“Everything is achievable, given that the record is a whole year away, and providing you're prepared to invest time, money and effort, like any other area of skydiving. But you have to commit. Make your own training plan based on these guidelines, and follow it. That takes a lot more discipline than when on a team with others but the rewards are out there. Keep in touch with other big-way enthusiasts via Facebook's big-way group, by reading articles in your helpful online magazine and checking Skydiving Photography. There will be a lot of competition for those slots but having a positive attitude and applying yourself to the task at hand will go a long way.“
“There has been a significant increase in the talent pool since the last men's record and we are feeling really good about options for next year. There has been an impressive list of big-way events hosted outside the United States recently and we hope to draw participants from every continent. I can think of outstanding guys from all over Europe, several from South America, a few from Asia and Africa and don't forget our mates from Down Under. Doug Forth has a list of qualified Canadians so this is going to be a great team. Of course the presence of more than 200 of our sister jumpers on the drop zone at the same time makes it a particularly attractive event. We encourage qualified men from around the world to join us. We are not yet committed to a specific size for the formation, but we may go just as big as the women.“
“I found the 100 way camps in Perris a great tool for learning more big-way skills, safety aspects and getting used to all the canopies in the sky. It really opened my eyes to see how much I could achieve having come from just 60-ways back then, which isn't many when you are wanting to be on a 181-way! These events brought my skills on as I got to try so many different slots. It took me out of my comfort zone but then let me find what I enjoyed, what I was good at and it challenged me too. We all start off low experience, seeing these fantastic pictures of big way magic and wondering if one day we will be good enough to be asked on them. Do some camps, fly in the tunnel, invest some time, and your skills will shine.“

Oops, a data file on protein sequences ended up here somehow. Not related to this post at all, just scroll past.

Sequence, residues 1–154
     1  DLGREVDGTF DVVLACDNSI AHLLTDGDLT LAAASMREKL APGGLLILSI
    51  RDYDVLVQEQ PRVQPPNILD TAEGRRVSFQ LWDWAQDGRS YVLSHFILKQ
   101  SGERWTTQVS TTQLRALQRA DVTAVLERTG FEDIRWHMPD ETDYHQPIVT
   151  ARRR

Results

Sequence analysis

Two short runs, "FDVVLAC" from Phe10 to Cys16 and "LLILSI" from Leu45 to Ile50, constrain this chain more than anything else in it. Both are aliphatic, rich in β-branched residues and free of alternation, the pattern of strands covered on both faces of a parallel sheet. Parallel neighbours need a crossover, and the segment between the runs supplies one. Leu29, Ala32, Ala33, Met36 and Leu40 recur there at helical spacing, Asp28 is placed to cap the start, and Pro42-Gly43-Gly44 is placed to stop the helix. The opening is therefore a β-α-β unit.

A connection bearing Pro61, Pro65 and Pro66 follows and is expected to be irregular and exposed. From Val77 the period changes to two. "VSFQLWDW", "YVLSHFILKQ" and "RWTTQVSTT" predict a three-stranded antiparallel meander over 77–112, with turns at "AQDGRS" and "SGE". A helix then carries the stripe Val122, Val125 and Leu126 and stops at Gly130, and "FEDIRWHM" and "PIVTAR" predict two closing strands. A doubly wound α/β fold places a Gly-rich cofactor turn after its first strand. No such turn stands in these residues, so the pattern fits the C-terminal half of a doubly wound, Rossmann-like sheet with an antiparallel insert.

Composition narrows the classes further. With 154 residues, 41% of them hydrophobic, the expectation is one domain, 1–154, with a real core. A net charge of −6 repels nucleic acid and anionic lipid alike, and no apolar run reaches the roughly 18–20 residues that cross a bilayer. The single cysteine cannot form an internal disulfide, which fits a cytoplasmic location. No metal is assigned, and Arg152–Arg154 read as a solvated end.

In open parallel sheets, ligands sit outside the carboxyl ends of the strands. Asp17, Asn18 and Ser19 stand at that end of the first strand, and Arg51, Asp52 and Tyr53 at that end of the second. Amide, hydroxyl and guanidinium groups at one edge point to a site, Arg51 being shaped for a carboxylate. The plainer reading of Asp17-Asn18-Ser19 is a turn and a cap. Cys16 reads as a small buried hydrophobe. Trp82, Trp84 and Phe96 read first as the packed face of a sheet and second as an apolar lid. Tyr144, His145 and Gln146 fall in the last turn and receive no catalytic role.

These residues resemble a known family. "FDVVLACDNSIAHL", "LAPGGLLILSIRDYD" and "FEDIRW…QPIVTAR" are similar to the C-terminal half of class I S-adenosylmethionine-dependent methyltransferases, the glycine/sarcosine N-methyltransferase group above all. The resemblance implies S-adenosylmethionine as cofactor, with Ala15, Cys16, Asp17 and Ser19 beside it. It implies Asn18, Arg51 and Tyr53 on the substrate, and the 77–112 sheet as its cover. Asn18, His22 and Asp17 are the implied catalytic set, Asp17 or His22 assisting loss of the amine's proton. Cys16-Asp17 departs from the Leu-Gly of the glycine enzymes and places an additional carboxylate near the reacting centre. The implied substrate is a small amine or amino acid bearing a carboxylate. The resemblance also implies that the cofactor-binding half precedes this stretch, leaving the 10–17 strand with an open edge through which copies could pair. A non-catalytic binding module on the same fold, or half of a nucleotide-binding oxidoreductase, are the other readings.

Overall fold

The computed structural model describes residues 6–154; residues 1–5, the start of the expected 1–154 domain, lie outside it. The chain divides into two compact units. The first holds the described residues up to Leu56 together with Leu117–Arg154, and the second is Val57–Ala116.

“Dress for Success! In other words don't be afraid to put on a baggy sweat shirt over your jumpsuit, or wear over-sleeves, or even better ask the jumpsuit manufacturer (Symbiosis in my case) to build you a really slow suit, with some Zero-P lining. I was put on the bench at one of the SOS World Records because I was 'washing around' trying to get into my slot on the outside of the formation. I had not dressed for success. Silly me. Oh and by the way it might also be a good idea to 'Look at your profile in the mirror' – that's my input for the over-sixties. As a result I lost 12 pounds. That and a slow jumpsuit resulted in more money spent on a weight belt. With these three the sky is the limit.“
1-4 May, P3 Big-way Camp, Perris Valley
8-11 May, P3 100-Way Camp
28-31 August, P3 Big Way Camp
4-7 September,100-Way Camp
12-18 October, Men's and Women's World Records
See P3 Skydiving